This is so neat! A few years ago, the Oak Ridge National Lab created “Tiny Titan“, a demonstration of how supercomptuers work using a cluster of Raspberry Pis. It’s a scaled down model of the Titan supercomputer. To visualize what each note of the cluster is doing, blink(1) USB LEDs are plugged into each Raspberry Pi, indicating what its up to.
Now you can more easily add “Neopixel” WS2812 LED strips to your blink(1) mk2 with the “blink1 LED strip adapter”. This is a simple PCB that breaks out the tiny 3-pin socket on the blink(1) board to a standard 0.1″ spacing for LED strips.
Blink1Control2 v2.0.4 has been released and it fixes several issues. Please update to take advantage of the fixes. Blink1Control2 is the official desktop application for controlling blink(1) USB LEDs and connecting them to the Internet.
In November 2016, I (Tod) was fortunate enough to speak at the Hackaday Superconference. It was an incredible conference, one of the best I’ve been to. For ThingM, I’ve mostly been working on software lately, getting Blink1Control2 to a usable state, so speaking at a hardware conference was a bit daunting. But I do consider blink(1) to be an “Internet of Things” device, even though it’s tethered to a computer. ThingM was created as a ubiquitous computing design studio, essentially an IoT company before IoT. In my talk I propose using the much richer computer GUIs to configure IoT devices, and one way I’ve been liking making computer GUIs is what I’ve been using for Blink1Control2: Node.js and Electron.
Mike at Hackaday did a great writeup of my talk and the video of it is below. (I can tell I’m out of practice giving talks after having my head down in code for over a year now :-)
In late 2015, we started looking to update our Blink1Control GUI application for blink(1). The app has some strange UI choices, acts oddly on certain systems, and is hard to maintain. We started again looking for a solution to the problem we’ve tried to solve twice before: how to create a single cross-platform application that works well on every platform (including Linux). The app must integrate nicely with hardware and networking, have strong open-source backing, and can be maintained by a small staff (like one person, me).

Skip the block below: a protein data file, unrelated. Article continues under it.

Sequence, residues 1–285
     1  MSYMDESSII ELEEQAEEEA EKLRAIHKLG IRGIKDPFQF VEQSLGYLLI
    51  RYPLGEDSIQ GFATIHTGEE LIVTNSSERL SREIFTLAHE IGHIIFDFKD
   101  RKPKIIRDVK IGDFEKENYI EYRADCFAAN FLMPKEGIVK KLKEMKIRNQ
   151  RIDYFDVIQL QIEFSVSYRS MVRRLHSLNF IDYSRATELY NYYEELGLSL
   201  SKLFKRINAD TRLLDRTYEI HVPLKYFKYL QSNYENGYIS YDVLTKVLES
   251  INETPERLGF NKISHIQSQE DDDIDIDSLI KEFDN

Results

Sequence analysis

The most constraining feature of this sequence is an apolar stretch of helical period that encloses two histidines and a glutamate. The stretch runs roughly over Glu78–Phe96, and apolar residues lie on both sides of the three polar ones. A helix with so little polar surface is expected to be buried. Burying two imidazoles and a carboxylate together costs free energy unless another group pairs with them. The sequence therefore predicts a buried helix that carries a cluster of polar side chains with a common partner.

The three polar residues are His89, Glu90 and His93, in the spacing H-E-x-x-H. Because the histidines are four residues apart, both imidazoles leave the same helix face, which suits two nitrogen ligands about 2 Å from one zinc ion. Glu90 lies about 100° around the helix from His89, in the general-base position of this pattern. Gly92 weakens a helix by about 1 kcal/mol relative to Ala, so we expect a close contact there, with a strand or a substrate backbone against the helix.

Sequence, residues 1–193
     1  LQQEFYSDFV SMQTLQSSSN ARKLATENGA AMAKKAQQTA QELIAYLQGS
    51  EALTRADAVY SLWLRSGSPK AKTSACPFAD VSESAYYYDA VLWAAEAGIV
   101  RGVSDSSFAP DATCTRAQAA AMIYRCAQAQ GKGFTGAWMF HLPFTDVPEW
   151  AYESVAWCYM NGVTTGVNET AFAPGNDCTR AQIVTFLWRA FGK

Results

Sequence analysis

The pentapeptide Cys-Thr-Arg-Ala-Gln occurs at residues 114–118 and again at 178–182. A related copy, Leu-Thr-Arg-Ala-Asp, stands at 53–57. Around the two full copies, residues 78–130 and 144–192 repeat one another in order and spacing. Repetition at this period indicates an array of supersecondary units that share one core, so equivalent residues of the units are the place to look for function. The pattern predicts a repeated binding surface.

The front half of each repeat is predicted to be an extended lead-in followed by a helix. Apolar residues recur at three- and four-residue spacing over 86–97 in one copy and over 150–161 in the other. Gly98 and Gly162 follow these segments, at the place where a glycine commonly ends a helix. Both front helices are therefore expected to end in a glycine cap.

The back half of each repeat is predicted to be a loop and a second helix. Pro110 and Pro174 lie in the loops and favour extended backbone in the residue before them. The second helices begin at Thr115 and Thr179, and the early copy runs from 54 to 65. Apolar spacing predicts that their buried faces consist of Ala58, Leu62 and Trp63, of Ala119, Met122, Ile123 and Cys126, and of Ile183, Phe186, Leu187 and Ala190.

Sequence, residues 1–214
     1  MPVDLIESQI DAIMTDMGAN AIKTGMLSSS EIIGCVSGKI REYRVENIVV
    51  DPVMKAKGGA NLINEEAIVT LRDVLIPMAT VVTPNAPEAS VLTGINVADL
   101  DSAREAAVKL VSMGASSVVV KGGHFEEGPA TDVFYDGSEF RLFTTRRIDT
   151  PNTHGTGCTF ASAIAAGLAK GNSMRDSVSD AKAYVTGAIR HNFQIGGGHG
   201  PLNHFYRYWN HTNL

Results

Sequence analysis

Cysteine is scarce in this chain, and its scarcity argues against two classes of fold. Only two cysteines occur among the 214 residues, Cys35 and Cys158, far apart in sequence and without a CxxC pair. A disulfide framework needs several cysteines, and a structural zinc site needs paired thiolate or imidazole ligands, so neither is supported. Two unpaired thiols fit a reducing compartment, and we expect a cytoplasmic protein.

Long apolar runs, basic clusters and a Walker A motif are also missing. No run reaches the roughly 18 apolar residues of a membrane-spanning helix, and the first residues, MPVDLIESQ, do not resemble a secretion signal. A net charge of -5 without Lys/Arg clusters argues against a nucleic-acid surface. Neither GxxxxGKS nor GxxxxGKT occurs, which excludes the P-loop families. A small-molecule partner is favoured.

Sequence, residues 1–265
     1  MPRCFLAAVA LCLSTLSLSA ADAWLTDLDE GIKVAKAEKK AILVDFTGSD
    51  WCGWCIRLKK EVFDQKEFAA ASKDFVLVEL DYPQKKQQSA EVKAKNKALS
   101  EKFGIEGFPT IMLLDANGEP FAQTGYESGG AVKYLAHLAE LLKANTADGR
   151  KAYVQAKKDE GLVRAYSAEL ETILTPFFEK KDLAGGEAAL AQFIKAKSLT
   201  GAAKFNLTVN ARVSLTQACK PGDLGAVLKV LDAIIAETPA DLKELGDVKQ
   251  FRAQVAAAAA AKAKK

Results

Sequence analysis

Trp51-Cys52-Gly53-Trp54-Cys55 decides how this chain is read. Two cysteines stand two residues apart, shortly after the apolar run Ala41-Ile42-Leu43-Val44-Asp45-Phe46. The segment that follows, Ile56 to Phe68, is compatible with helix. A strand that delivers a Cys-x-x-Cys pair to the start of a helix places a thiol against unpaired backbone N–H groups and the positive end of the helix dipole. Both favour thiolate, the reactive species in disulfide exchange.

It turns out there’s not a lot of solutions to this laundry list of desires. But we think Electron (the app framework created by GitHub and behind Atom and Slack) looks like a good choice. So for the last several months, Blink1Control2 has been in development and testing.
Redesigned “Event Sources” UI to more easily manage multiple ways to trigger blink(1)
Greatly improved File/URL/Script support
New “meta-patterns” for on-the-fly creation of color patterns
Redesigned UI that looks great on HighDPI/Retina systems
So many many bugfixes
New bugs we haven’t found yet
Features not yet in Blink1Control2
Battery / CPU / Network level checking
POP email support
Certain API server calls
Blink1Control2 is written in Node.js and Electron. Electron is an amazing open source system created by Github for using web technologies to write desktop apps. Its most famous example is the Atom text editor.
We’re very excited about the new Blink1Control2. One of the design changes was to make the “Event Sources” modular, so new event sources could be added easily. We’re not there yet, but we’re getting very close. If you have an idea of a neat event source we should add, let me know!
Twitter has a great API for searching through tweets. But it can also be a bit daunting if you’ve never interfaced with APIs before. In the Node.js universe, there’s a great package called “twit” that makes it really easy to use the Twitter API. And what better way to show off your Twitter API knowledge than to hook it up to a blink(1) light, which is just what @jbulava did with “twitter-streaming-blink1“. The code is a single well-commented file that needs only a few lines of code to do searches and acting on tweets.